Worry & Prayer: A Reflection on Community Rule #17
The Mid-Week Missive is based on Community Rules: An Episcopal Manual by Ian Markham and Kathryn Glover, both administrators at Virginia Theological Seminary. I am working my way through this book, reading and writing through the lens of our Life Together as part of the Christ the King Episcopal Church family, as well as part of the Diocese of the Central Gulf Coast.
Rule #17: Turn Every Worry into a Prayer. Markham and Glover’s reflection on this rule can be found in their book, which can be purchased here.
How does this rule apply to our Life Together at Christ the King? Just this past Monday (September 30), our Daily Office gospel reading was Matthew 6:25-34 (an excerpt from the Sermon on the Mount). In it, Jesus says,
“Therefore I tell you, do not worry about your life, what you will eat or what you will drink, or about your body, what you will wear. Is not life more than food, and the body more than clothing? Look at the birds of the air; they neither sow nor reap nor gather into barns, and yet your heavenly Father feeds them. Are you not of more value than they? And can any of you by worrying add a single hour to your span of life? And why do you worry about clothing? Consider the lilies of the field, how they grow; they neither toil nor spin, yet I tell you, even Solomon in all his glory was not clothed like one of these. But if God so clothes the grass of the field, which is alive today and tomorrow is thrown into the oven, will he not much more clothe you—you of little faith? Therefore do not worry, saying, ‘What will we eat?’ or ‘What will we drink?’ or ‘What will we wear?’ For it is the Gentiles who strive for all these things; and indeed your heavenly Father knows that you need all these things. But strive first for the kingdom of God and his righteousness, and all these things will be given to you as well. So do not worry about tomorrow, for tomorrow will bring worries of its own. Today’s trouble is enough for today.”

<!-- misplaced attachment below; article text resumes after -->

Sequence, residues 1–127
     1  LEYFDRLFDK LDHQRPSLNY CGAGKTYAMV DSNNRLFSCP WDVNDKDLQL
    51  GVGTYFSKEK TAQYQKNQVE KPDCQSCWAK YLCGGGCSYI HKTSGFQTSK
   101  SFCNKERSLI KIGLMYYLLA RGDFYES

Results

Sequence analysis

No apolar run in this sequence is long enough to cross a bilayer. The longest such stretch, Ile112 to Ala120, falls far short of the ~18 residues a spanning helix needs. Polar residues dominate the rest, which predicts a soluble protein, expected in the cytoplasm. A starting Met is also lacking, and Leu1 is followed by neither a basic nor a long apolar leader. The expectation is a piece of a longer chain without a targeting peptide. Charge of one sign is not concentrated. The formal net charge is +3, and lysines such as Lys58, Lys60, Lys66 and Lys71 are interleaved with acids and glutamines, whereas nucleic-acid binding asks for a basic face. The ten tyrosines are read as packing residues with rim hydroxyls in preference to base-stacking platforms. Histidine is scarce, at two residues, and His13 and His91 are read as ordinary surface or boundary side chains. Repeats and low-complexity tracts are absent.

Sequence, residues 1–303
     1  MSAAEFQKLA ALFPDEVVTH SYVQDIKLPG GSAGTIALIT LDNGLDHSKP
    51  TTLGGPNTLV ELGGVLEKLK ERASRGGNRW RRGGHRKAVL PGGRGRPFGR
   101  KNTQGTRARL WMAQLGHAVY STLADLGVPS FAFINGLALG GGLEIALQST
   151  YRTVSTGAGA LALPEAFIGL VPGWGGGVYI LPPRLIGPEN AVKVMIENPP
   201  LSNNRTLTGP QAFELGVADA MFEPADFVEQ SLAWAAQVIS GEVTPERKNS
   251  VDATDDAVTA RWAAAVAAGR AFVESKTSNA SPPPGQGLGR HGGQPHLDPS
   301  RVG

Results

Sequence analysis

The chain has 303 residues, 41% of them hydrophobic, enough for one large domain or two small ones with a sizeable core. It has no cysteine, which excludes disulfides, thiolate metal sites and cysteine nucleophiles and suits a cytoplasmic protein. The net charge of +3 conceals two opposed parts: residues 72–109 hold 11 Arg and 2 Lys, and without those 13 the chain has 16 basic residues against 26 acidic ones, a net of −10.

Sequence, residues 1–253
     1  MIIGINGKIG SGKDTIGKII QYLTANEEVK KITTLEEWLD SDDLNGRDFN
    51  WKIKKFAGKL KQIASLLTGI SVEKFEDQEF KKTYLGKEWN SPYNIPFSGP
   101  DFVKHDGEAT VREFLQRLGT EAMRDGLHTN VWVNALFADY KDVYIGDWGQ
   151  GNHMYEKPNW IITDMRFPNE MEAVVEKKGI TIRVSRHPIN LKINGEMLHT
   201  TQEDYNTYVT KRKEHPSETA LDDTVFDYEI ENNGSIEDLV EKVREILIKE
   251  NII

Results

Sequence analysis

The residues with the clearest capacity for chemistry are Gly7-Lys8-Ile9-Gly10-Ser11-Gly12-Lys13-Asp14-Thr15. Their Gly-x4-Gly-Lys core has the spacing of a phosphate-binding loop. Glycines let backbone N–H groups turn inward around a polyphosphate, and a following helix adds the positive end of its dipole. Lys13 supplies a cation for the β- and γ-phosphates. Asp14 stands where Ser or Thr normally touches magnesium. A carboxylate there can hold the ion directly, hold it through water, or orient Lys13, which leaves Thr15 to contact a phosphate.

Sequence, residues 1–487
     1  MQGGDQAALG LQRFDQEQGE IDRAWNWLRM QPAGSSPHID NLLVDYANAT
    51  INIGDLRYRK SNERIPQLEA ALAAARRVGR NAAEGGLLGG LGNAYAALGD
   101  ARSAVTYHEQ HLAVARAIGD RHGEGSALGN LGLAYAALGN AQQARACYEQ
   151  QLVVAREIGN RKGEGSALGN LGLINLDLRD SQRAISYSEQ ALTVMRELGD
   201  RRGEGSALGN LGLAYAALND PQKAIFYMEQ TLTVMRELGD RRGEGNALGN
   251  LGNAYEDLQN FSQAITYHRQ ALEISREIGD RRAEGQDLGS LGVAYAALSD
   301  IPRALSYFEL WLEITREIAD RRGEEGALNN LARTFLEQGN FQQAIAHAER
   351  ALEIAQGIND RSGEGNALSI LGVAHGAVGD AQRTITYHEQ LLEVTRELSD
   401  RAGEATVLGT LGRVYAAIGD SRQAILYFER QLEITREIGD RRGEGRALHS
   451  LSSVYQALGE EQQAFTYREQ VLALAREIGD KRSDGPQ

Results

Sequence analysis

No disrespect to our Lord and Savior, but my response to this challenge is, “easier said than done!” Quite frankly, I worry a lot. But rather than feel bad about this natural tendency of mine, I can actually turn this into an opportunity to grow closer to God.
Markham and Glover suggest that we turn our worries into prayer. So for those of us who worry a lot, we have the opportunity to pray a lot. And that is a redemptive solution – the more we worry, the more we pray! And ultimately, our constant prayer will transform our hearts and minds in such a way that we worry far less than we used to.
Of course, when we get to where we are able to worry less, we shouldn’t pray any less – our prayers will change just as we will have changed. And such is the pattern of Christ’s redemptive grace…thanks be to God!